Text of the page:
Psychological Recovery: Beyond Mental Illness

Psychological Recovery: Beyond Mental Illness

Psychological Recovery: Beyond Mental Illness

Psychological Recovery: Beyond Mental Illness

Synopsis

This book offers a succinct model of recovery from serious mental illness, synthesizing stories of lived experience to provide a framework for clinical work and research in the field of recovery.
• Places the process of recovery within the context of normal human growth and development
• Compares and contrasts concepts of recovery from mental illness with the literature on grief, loss and trauma
• Situates recovery within the growing field of positive psychology - focusing on the active, hopeful process
• Describes a consumer-oriented, stage-based model of psychological recovery which is unique in its focus on intrapersonal processes

Excerpt

The moving stories that people with a mental illness have published were the inspiration for this work, and we are deeply indebted to all those people who have shared their experiences with others in order to enhance our understanding. We have written this book to share a model of psychological recovery from mental illness which was derived from many personal accounts. There is a large and growing scholarly literature on recovery, most of which is in broad agreement about the elements of recovery and the many influences on the course of mental illness and its impact on the individual. Our model focuses on the intrapersonal psychological aspects, and does not include external factors such as employment, housing or other social factors. Although these are all extremely important to recovery, they are not the focus of the model. The simplicity of the model brings structure to a very complex field, and has proven to be a useful heuristic in clinical work, education and research. The book elaborates on the model, which was originally published in a journal article (Andresen et al., 2003), and presents our ongoing work, in the hope of furthering understanding of recovery and contributing towards the scientific endeavour of advancing recovery-oriented practice. Although aimed primarily at mental health professionals and students, we hope a wider audience will find the book interesting and informative, particularly people with a mental illness and their loved ones, who may find hope within these pages.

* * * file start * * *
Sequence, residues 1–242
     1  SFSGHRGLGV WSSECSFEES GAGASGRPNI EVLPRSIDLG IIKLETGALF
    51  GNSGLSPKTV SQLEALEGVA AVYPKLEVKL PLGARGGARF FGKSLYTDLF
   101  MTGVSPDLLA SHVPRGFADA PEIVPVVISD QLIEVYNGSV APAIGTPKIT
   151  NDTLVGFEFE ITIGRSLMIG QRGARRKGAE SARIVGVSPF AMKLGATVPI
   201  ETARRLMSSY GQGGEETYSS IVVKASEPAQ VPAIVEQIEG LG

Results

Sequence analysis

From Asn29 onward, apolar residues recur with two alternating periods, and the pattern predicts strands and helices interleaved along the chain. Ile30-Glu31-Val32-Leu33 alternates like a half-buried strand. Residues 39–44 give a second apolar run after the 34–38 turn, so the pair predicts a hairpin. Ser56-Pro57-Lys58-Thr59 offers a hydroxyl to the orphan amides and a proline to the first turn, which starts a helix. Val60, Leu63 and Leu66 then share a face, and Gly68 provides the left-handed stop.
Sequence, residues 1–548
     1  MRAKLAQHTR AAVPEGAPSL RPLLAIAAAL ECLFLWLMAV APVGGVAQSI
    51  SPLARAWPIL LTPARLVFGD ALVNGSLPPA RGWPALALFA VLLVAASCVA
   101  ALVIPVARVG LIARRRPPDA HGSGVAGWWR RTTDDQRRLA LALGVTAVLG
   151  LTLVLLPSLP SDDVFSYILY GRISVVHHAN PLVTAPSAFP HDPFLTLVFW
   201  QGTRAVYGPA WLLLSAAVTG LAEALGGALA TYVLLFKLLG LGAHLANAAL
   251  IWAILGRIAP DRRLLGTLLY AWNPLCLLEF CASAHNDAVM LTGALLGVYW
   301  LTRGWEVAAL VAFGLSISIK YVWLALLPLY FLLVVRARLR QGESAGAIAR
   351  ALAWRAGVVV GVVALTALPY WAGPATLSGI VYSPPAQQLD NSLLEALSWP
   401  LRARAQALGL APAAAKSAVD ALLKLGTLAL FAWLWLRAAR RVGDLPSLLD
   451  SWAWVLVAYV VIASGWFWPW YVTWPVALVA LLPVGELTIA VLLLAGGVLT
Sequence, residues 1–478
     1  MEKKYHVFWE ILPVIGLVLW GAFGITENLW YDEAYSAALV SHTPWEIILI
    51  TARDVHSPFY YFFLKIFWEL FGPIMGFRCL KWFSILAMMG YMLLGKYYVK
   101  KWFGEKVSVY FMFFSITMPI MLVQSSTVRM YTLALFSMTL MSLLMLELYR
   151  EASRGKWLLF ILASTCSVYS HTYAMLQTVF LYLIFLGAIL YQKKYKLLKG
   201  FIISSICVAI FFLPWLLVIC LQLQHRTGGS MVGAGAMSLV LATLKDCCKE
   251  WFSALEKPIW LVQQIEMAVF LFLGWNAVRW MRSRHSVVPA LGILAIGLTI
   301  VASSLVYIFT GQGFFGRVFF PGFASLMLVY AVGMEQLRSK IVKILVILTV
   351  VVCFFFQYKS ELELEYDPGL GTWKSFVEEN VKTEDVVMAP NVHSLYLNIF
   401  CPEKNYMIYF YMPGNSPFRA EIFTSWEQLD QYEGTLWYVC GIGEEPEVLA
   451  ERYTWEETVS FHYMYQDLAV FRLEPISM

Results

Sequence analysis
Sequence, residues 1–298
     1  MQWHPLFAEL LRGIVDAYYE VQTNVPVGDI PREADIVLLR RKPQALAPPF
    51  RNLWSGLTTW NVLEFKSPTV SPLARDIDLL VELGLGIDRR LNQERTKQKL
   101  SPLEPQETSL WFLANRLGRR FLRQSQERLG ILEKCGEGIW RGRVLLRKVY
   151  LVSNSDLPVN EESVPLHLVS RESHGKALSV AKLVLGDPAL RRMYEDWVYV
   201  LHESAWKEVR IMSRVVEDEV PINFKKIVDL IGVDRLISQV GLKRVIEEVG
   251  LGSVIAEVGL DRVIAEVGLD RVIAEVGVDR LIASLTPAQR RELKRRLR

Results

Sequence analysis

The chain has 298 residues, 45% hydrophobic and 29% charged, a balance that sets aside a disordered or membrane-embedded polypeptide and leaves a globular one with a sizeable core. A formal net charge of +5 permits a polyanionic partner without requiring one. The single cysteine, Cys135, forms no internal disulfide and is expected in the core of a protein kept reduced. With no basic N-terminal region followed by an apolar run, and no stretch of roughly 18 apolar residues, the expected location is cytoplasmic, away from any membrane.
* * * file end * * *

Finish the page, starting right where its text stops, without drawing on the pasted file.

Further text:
Throughout the book, we have used the term ‘consumer’ – synonymous with ‘service user’ or ‘user’ in the UK – to describe a person who has experienced mental illness. We acknowledge that not all people with a mental illness use mental health services, and are therefore not consumers in this context. We are also aware of, and deeply respect, the preference for other terminology, including ‘survivor’ and ‘expatient’. However, even these terms do not apply to all. Since there is broad consensus on the term ‘consumer’ in the literature, and the book is aimed primarily at professionals, we have adopted this word for simplicity’s sake.

In Part I we look at the concept of recovery. Schizophrenia may be considered an exemplar of mental illness, having historically had the worst prognosis. Due to the severity of the illness, there is a large body of literature on the course and outcome of schizophrenia, which provided us with the empirical evidence for recovery. Chapter 1 sets the scene for the book with a historical background of the concept of schizophrenia. It covers how recovery from schizophrenia came to be considered impossible, how this notion was disproved by empirical research, and the reasons for its persistence. The chapter also introduces the consumer recovery movement, and . . .

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